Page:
While task force member Rep. Mike Ramone, R-Middle Run Valley, said he believed most judges are rendering decisions that accurately depict justice in quite difficult family matters, he said the public is served by seeing those matters determined before them, not just by reading a court order afterward.
“While I certainly honor the credibility and competence of the courts, there is some level of things that just don’t seem right,” Rep. Ramone said. “ … Giving the judges some level of scrutiny is acceptable to the search for a positive net outcome.”
Progress was made Tuesday, and the task force agreed unanimously to recommend that child custody and visitation hearings should be presumed open, with judges having discretion to close them to minors who might be adversely affected. Earlier, divorce, alimony and property division hearings were deemed best to be presumed open, while adoption and termination of parental rights appearances should remain closed.
Public view preferred
Sitting at the back of the second-floor Senate Hearing Room on Tuesday was John Flaherty, the Delaware Coalition for Open Government president who thinks that open government too often doesn’t get applied to the judicial branch, only legislative work.
Mr. Flaherty said the Family Court debate has been ongoing since 1992, when the Delaware House of Representatives debated now-shelved House Joint Resolution 23 that would have brought open court proceedings to the First State.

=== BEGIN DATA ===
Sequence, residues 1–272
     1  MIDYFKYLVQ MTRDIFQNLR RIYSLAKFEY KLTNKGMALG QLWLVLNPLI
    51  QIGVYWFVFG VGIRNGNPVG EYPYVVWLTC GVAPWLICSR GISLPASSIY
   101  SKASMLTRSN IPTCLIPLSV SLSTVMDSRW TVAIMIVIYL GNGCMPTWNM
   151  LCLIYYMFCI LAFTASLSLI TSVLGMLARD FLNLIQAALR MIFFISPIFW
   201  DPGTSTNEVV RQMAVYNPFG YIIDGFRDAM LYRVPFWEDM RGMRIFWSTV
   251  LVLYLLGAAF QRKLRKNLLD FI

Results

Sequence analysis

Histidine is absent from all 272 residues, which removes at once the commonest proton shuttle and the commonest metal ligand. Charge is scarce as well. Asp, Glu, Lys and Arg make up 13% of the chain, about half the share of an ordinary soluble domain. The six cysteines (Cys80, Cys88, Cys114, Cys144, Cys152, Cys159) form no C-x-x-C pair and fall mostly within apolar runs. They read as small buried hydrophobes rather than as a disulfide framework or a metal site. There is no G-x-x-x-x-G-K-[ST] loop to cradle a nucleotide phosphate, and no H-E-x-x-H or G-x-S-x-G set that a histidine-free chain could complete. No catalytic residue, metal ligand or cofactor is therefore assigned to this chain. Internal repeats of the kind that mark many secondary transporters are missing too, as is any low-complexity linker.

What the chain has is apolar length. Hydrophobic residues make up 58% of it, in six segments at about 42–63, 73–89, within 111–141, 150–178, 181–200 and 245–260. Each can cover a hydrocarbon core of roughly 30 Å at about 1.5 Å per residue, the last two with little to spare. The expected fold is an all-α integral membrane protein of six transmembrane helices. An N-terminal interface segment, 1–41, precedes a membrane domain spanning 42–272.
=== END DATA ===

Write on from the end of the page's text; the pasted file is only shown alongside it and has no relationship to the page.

“You should adhere to Delaware Constitution (language in Article 1) that says courts should be open,” Mr. Flaherty said. “That trumps any statues and resolutions.”
The weighty discussions have pushed back the task force’s original target date to provide a report of findings to the General Assembly, and results are now expected by mid-April instead of Feb. 15.
The task force will meet on Jan. 23 from 10 a.m. to noon, with public discussion available from 9-10 a.m. Other meetings are planned, though coordinating calendars for task force members would determine the times and dates. Task force members are not paid for their service.
For more information on the task force, go online to legis.delaware.gov.
General Assembly task force members include Sens. Lawson and Bruce Ennis, D-Smyrna, and Reps. Ramone and Larry Mitchell, D-Wilmington.
Two Family Court judges are on the panel — Chief Judge Chandlee Kuhn and Michael Newell. Judge Kuhn said that courtroom safety for all is in peril at some proceedings if the court doesn’t have the authority to clear some potential hotheads.
Also discussed Tuesday was potential personal information disclosure lapses in open court settings, along with the chance for identity theft and the airing of “dirty laundry” among parents.
“I don’t think anyone at this table is not committed to getting to an appropriate place,” Judge Kuhn said during Tuesday’s meeting.
“This is about representing the interest of all parties involved …”
Other members include Dr. Joseph Zingaro (child psychologist), Patricia Dailey Lewis (AG’s office), Tania Culley (Office of Child Advocate), Janine Howard-O’Rangers (family law attorney), Lynn Kokjohn and Raetta McCall (both of the Family Law Commission), and Mariann Kenville-Moore (public member).
Ms. McCall said an evaluation of open court is critical because “You may only get one chance to have a case heard” and any case should be heard “fairly and justly.”
Staff writer Craig Anderson can be reached at 741-8296 or firstname.lastname@example.org. Follow @DSNAnderson on Twitter.